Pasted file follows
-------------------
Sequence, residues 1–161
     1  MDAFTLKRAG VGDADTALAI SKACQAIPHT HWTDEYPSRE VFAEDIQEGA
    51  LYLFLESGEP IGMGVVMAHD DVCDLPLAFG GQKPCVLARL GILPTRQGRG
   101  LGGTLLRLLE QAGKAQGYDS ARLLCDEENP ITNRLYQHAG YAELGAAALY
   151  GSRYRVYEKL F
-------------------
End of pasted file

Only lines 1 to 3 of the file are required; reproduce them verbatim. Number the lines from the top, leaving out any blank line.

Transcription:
Sequence, residues 1–161
     1  MDAFTLKRAG VGDADTALAI SKACQAIPHT HWTDEYPSRE VFAEDIQEGA
    51  LYLFLESGEP IGMGVVMAHD DVCDLPLAFG GQKPCVLARL GILPTRQGRG